This week’s forward volume represented 13% of the total number of observed spot and forward transactions, unchanged from last week. 82% of the forwards had durations of at least two months, and 46% had durations of at least three months. 34% had durations extending through the fall harvest and into January. The premium or discount to the U.S. Spot Index are illustrated in the table below.
36% of this week’s reported forwards were for monthly deliveries and ranged from 1 to 250 pounds. 64% of this week’s reported forwards were for weekly or biweekly deliveries and ranged from 5 to 100 pounds. The average forward deal was 21 pounds.
Forward prices ranged from $1,100 per pound for 50 pounds of outdoor grown flower remaining from last year’s California harvest to $3,200 per pound for 8 and 10 pound lots of indoor grown flower in Nevada. Multiple 100-pound lots in California ranged from $1,200 per pound for outdoor grown flower to $1,500 per pound for greenhouse grown flower. In Washington, a two-month forward for 250 pounds per month for greenhouse grown flower was priced at $1,400 per pound.
The distribution of forwards by grow type was 6% outdoor, 16% greenhouse and 78% indoor, and were reported from California, Colorado, Oregon, Washington, Nevada, Arizona, Michigan, Maine and D.C.
The resumption of falling prices driven by sun-grown product this week after last week’s marginal rise presages a trend that will likely hold for much of the remainder of the year. Based on the timing of the first surge of greenhouse product that initiated this year’s atypical summer price slump, additional light-deprivation harvests will likely be cut down toward the second half of next month, though the effects may not be felt in markets until late August or early September. After that, fall harvests of full-term outdoor and greenhouse product will commence and continue through November, with operators in certain climates able to continue running plants protected by hoop houses into December.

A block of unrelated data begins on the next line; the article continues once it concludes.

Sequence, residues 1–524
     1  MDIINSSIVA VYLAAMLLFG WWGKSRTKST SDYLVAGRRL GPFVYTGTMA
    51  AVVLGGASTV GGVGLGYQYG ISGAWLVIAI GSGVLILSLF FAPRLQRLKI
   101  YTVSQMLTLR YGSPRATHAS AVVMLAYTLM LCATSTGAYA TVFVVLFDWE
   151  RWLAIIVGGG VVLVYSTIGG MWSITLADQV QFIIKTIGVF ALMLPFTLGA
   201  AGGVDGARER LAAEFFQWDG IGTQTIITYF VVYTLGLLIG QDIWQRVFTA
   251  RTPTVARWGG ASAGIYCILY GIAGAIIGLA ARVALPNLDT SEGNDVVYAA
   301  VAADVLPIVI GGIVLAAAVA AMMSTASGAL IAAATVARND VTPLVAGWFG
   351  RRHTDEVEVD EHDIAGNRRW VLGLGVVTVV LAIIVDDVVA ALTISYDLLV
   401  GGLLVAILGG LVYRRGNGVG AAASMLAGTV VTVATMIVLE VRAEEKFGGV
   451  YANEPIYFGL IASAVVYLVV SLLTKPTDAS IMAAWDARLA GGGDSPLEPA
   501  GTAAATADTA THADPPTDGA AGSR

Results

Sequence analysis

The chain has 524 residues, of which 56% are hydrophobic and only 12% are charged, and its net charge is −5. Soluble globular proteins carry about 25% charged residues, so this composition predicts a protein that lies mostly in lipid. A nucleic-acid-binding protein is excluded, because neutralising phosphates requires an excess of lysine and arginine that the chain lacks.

Nearly all indicators point to supply-flooded markets come fall and winter, though the implementation of Oregon’s stringent testing program remains a wild card that could crimp, or at least slow, the amount of supply reaching that state’s market. Still, last winter we observed a quicker-than-usual price rise after the fall harvest, which itself accompanied a post-harvest drop that was not as severe as in years past. We have now seen that this was at least in part due to farmers holding back product in an effort to garner higher prices in spring and summer. It should also be noted that, as cultivators scale up, extractors and processors often lag behind, as expanding such operations requires expensive equipment and stringent permitting processes from state and local regulators. As such, producers sometimes end up holding and storing product that is to be processed as extractors work to keep pace with ever-expanding volumes. The low prices of this summer, combined with those to come in fall and winter, will force producers to formulate new strategies to maintain their pricing power, though it will be difficult in face of so much supply and it is hard to imagine that buyers will not have the upper hand for much of the rest of the year.
Sample headlines from this week's Premium Report: